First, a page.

About 500,000 people are expected to flock to Sculpture by the Sea over the coming weeks, with heavy traffic and delays anticipated in Sydney's east.
This year marks the 21st anniversary of the public art event which begins today and features more than 100 sculptures along the two-kilometre stretch of coast from Bondi Beach to Tamarama Beach.
Organisers will be crossing their fingers for good weather, given the high tides and swells that caused havoc last year.
In light of the king tide event, Waverley Council said there had been a more conservative approach regarding the placement of installations on the rocks and beach, including deeper footings in the sand.
Artists have been drawn from as far afield as South Korea, the Czech Republic, Denmark and Japan.
For the first time since James Dive exhibited the now iconic melted ice-cream truck, Hot with the Chance of a Late Storm, in 2006, the artist is back with a fibreglass hamburger on a fishing line, a humorous piece of social-environmental commentary.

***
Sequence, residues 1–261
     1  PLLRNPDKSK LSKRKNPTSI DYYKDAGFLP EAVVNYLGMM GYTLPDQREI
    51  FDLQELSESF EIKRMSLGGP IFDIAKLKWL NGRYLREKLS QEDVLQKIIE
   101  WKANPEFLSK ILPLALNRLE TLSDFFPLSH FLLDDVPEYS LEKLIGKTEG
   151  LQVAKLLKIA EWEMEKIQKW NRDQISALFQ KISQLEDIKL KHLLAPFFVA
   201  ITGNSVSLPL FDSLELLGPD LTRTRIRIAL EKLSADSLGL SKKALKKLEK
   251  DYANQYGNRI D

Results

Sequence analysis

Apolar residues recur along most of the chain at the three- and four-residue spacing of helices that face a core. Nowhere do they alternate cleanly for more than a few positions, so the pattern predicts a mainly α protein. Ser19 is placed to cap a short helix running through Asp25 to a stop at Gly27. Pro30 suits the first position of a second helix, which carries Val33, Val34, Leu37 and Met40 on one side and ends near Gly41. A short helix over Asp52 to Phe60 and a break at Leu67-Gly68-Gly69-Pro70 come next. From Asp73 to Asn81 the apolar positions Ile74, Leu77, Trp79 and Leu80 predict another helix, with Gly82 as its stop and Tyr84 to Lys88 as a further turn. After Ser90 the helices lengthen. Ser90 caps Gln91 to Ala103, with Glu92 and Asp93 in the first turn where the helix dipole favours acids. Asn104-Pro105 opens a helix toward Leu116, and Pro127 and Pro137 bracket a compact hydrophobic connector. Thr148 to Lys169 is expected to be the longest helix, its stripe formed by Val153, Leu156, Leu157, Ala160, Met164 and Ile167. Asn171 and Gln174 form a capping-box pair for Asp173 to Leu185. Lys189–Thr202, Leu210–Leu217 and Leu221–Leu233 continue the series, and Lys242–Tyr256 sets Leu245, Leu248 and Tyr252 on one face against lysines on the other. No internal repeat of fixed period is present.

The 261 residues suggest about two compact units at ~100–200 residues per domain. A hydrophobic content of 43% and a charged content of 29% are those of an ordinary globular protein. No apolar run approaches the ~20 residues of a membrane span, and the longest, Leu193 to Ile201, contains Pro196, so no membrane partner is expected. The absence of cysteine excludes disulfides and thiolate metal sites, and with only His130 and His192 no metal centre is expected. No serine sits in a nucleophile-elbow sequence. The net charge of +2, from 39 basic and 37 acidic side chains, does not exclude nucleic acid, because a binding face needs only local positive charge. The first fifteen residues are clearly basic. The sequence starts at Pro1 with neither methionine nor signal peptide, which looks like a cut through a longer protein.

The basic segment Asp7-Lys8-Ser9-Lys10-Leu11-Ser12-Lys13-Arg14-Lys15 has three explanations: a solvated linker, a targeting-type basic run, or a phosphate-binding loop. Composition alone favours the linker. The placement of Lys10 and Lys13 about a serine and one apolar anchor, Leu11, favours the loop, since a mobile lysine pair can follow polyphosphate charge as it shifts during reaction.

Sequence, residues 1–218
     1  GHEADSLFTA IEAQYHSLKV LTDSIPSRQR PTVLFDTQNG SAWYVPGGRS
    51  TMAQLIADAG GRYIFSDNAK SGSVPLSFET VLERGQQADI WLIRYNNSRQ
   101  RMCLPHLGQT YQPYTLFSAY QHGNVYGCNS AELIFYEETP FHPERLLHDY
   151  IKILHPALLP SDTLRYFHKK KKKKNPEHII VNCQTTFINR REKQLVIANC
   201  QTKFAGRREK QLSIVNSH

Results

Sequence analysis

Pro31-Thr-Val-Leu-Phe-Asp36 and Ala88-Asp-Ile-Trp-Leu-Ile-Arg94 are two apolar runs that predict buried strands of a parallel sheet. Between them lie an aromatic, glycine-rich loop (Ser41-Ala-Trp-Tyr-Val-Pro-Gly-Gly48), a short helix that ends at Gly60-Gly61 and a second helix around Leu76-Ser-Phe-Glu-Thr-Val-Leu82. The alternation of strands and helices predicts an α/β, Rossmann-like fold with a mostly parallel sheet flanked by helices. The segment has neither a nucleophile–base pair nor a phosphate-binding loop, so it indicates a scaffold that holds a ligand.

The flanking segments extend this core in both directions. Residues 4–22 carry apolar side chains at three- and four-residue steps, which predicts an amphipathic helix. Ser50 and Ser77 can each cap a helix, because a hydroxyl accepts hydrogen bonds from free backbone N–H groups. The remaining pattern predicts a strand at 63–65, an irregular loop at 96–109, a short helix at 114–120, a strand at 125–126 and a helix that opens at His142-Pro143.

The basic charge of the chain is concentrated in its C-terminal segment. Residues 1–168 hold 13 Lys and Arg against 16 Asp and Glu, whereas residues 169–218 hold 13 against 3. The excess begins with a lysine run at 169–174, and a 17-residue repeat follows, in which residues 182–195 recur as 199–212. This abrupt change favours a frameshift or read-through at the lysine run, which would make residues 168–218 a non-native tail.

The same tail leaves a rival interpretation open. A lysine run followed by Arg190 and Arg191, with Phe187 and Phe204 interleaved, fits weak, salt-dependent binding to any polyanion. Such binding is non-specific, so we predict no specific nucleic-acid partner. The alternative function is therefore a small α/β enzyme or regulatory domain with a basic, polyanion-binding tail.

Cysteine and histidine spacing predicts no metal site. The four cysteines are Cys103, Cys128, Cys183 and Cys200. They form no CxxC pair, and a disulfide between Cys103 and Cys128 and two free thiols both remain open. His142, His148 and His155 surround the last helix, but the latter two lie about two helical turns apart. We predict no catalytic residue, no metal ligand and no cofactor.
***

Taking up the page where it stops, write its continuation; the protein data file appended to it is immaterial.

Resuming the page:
Simon Rathlou has reproduced an old green and gold tram to mark the return of light rail to Sydney's streets while China's Xia Hang has built a cyborg mosquito that conveys worries about the shape and nature of robotic weaponry.
Organisers have warned those attending to catch public transport as roads will be congested and parking limited.
Visitors have been advised to consider walking the three kilometres from Bondi Junction station to Bondi Beach to avoid the anticipated traffic gridlock.
There will also be road closures in place on streets close to coastal walk from today until November 5.
Special event clearways will be in place along Bondi Road on Saturdays and Sundays.
Rainy weather forecast for Friday might keep the crowds down but the Bureau of Meteorology is forecasting mostly fine conditions over the weekend when numbers are expected to surge.